“The French Dispatch” marks director-screenwriter Wes Anderson’s 10th feature film, and it shows mastery of every hallmark of Anderson’s definitive style.
The film frames its narrative within the pages of The French Dispatch of the Liberty, Kansas Evening Sun, a fictional foreign affairs magazine from which the film gets its title. The film begins with the obituary of the dispatch’s editor and founder Arthur Howitzer Jr., played by Bill Murray. The obituary outlines the paper’s history and premise of the movie: Upon his death, Howitzer requested his staff produce one final edition of the magazine. The movie then brings the final edition of the paper to life through a short travelogue and three main feature pieces.
The film’s disjointed structure allows Anderson to explore variety more than any of his other films have. The framing device of the magazine inherently makes the plot, characters and visuals surreal, and the film’s cinematography shines in its dramatic action sequences. Anderson worked with longtime collaborator Robert Yeoman, who has led cinematography on all of Anderson’s live-action films. Always loyal to his regular collaborators, nearly the entire cast of the film is composed of regular actors for Anderson.
In the first article, titled “The Cycling Reporter,” travel reporter Herbsaint Sazerac (Owen Wilson) introduces the audience to the world of Ennui-sur-Blasé, the fictional French town that houses and is the subject of the paper.
J. K. L. Berensen, played by yet another Anderson favorite, Tilda Swinton, reports the second narrative, “The Concrete Masterpiece.” The film cuts the story with clips of Berensen recounting the experience of writing the article during a lecture several years later. However, the alternating narrative never feels confusing or disjointed; Anderson uses color and black-and-white sequences to delineate what is within each article and what is occurring outside that narrative frame.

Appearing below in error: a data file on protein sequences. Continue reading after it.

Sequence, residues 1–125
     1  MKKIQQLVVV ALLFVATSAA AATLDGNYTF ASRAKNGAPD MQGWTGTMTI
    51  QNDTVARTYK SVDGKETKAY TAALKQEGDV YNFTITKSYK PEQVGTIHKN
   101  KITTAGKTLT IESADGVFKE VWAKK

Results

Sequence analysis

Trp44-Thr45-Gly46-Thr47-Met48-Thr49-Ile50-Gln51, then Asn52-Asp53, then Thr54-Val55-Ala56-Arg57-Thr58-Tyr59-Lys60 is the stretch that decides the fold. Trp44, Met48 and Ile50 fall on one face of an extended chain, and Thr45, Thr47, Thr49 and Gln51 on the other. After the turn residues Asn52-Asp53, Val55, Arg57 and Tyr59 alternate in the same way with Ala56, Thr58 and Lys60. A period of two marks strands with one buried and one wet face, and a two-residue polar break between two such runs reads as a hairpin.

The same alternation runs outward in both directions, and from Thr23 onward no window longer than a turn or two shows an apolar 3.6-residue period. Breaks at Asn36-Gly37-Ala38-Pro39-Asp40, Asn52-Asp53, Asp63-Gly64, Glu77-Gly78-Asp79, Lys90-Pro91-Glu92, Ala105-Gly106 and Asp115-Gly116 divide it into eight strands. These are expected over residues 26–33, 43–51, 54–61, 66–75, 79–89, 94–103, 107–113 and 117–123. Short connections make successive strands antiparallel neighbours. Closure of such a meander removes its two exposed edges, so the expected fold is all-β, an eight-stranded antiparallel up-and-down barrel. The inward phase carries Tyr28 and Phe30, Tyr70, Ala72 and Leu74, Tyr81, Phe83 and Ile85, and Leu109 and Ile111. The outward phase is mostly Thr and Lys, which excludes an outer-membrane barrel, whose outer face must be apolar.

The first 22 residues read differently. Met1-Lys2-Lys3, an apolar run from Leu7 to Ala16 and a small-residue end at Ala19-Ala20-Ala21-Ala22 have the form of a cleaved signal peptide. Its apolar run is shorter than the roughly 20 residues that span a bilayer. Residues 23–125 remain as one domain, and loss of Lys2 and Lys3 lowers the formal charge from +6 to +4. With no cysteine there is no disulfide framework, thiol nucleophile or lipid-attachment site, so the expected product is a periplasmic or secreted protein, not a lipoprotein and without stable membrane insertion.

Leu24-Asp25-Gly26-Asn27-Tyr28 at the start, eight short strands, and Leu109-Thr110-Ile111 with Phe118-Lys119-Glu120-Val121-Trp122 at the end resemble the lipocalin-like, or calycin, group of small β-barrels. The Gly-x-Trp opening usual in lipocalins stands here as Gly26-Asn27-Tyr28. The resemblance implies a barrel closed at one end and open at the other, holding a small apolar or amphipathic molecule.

The most compelling of the features is “Revisions to a Manifesto, a feature” which focuses on political correspondent Lucinda Krementz (Frances McDormand) and her illicit romantic involvement with her subject Zeffirelli B (Timothée Chalamet), which causes her to question the ethics of journalistic objectivity. The script’s deadpan comedy shines through McDormand and Chalamet’s performances.
Finally, the food feature of this edition is reported by Roebuck Wright (Jeffrey Wright). “The Private Dining Room of the Police Commissioner,” Wright explains, is the most powerful article he has ever written. Wright is the most poignant of Anderson’s cast of zany expats. He recounts the article years later in a television interview verbatim as a show of his typographic memory, which adds to both his character development and cleverly pushes the narrative of the film.
In one of the most compelling moments of the film, reality completely drops away. A high-speed police chase in the third act is animated in the fantastical style of the illustrations of “The Dispatch” — and of the film’s dynamic poster.
Anderson does not shy away from his stylistic filmmaking and embraces the role of storytelling throughout “The French Dispatch.” Each of the film’s four vignettes allows Anderson to explore distinct world building and visuals without staying too long with any one story. However, this shorter construction of clips means that “The French Dispatch” at times lacks the full character development of some of Anderson’s other films.
Still, “The French Dispatch” thrives on Anderson doing what he does best: creating beautiful, picturesque movies. The film celebrates Anderson’s style and the team of designers and actors he has built and carried across many of his productions. Each shot is perfect and could stand alone as an art piece. Every frame has the symmetrical composition, bold color and opulent sets and costumes that have become synonymous with Anderson’s name.
While perhaps self-indulgent at times, “The French Dispatch” is a movie by and for people who love the medium and artistry of film. Anderson jumps around time, space, genre and surreality; however, “The French Dispatch” does not feel confusing or inaccessible. It is a film that begs to be rewatched over and over in order to unwrap the layers of visual reference, commentary and easter eggs that the audience can easily miss on the first viewing.